By now, I hope everyone has had their power restored after Sandy blew through our area and wrecked havoc.
The media kept us fully informed about Sandy from the path she was following, to her intensity, the time frame of when she would hit landfall, and what to expect when she did hit our area.
So most of us spent last weekend "battening down the hatches," preparing for what was being called, "The Perfect Storm," "Frankenstorm" and "Superstorm Sandy."
Grocery store shelves were emptied of bottled water, bread, milk and other food staples that didn't require refrigeration.
Gas station lines were long as people filled their tanks and reserve cans.
And of course, it was the main topic of conversation everywhere.
I learned that no matter how prepared we thought we were, we're never mentally prepared enough.
The idea of being prepared can never match the reality of what a disaster leaves behind in its wake.
Who would have ever thought our Jersey shore would be devastated like Seaside Heights or Point Pleasant, or that a whole neighborhood like Breezy Point would go up in flames, leaving so many people homeless?
We here in our immediate area came out of this a lot better than many.
Oh, don't get me wrong. Being without power for even less than 24 hours was, well, let's just call it "inconvenient." And really, being without television for 20 hours was the only thing I missed most. So instead, we played Farkel by candlelight. We had stocked up on buckets of water to flush the toilets. We had bottled water to drink, to wash our faces and brush our teeth. We had our gas grill to cook. We have a generator that kept our refrigerator and freezer going.
Driving to and from work was a bit of a challenge.
I heard one comment on a news show from a firefighter that said "trees and power lines don't mix."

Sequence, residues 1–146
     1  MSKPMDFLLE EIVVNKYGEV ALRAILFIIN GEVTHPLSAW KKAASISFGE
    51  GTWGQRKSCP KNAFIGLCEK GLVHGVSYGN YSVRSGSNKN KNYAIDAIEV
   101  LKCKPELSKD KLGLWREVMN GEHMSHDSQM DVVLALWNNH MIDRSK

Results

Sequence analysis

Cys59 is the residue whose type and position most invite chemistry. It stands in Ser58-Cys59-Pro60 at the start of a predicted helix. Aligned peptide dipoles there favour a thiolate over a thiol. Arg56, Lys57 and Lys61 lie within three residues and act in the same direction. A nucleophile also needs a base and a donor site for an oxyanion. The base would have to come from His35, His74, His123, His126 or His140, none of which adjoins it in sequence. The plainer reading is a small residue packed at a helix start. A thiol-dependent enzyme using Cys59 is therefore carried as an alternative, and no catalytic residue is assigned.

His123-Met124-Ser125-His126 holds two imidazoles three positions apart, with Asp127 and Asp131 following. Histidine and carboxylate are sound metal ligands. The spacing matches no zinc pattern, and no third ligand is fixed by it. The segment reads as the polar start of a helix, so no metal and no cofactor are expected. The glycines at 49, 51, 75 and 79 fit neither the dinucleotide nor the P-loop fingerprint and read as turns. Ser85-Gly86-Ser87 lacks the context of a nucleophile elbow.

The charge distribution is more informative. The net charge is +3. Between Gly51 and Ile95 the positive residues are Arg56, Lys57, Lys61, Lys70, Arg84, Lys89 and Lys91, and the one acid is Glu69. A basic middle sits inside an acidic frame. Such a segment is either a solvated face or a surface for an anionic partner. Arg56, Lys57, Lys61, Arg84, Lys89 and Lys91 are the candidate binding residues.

That appears to have been our biggest calamity from Sandy.
PPL had brought in extra outside help but it's been a long, slow process getting to all the trees and downed lines. There were just so many. Tuesday I got a glimpse of what they were up against. It seemed every road I traveled I had to make a detour because of fallen trees.
My most sincere thanks to all those who worked tirelessly to get our power back and our roads cleared. Also, my deepest thanks to the emergency personnel and fire company volunteers who gave their time and energy to keeping us safe and helping wherever they could in getting us back to normal.
Normal. I love normal. But on Tuesday night, I heard a new phrase in connection to the weather from Brian Williams on Rock Center with Jim Cantore of the Weather Channel.
Brian Williams asked "What's causing this 'new normal?'" Jim Cantore said, "What we're seeing in the atmosphere, Brian, especially at the high latitudes, are what we call these blocks, or these traffic jams, and they're big, and they're having impact on storms, and they're having impact on weather. You can never blame a single weather event on climate change, but these signals that we're seeing, that are changing directions of systems coming out the tropics, like Sandy, are something that have us scratching our heads and wondering, if this is the 'new normal,' we are in for a lot of trouble down the road ... I mean, you don't need a 100 years of data, let's just take 30 years…the climate is changing clearly, and what you can say is, if we are going to continue to see these signals, we are going to continue to see extreme weather events, one right after the other, whether they be tornadoes, droughts, floods or hurricanes."
You got to admit, we have definitely seen some major weather changes here in our own little neck of the woods.
How often do we talk about the winters of our childhood when the snow was so deep that we made snow caves and we were able to sleigh ride all winter long. Now we get one snowfall with maybe six inches. Winters use to be so cold we could ice skate on our ponds and lakes all season long. Now, our winters' climates are fairly mild and those same ponds and lakes never completely freeze. Don't get me wrong. I hate winter so if this is a sample of a "new normal" where winter is concerned, that's all right by me.
Then there's spring. Or, lack of. Lately, it seems we go from cold right into hot humid days, with very little springlike weather.
And summers ... I swear they get hotter, drier and more humid every year. Which now bring tornadoes our way, something else we've never experienced in the past. I don't want to wake up one morning singing "Somewhere Over the Rainbow" and finding the Wicked Witch of the East's striped stockings underneath my house.
So, if this is that "new normal" Jim Cantore was talking about, and we have to start worrying about battening down the hatches during Hurricane Season, I'm going to scream, stomp my feet, raise my fist ... and live with it. I'd consider moving, but according to what Cantore said, sooner or later, every place has to adjust to changes in the weather. It's ... normal.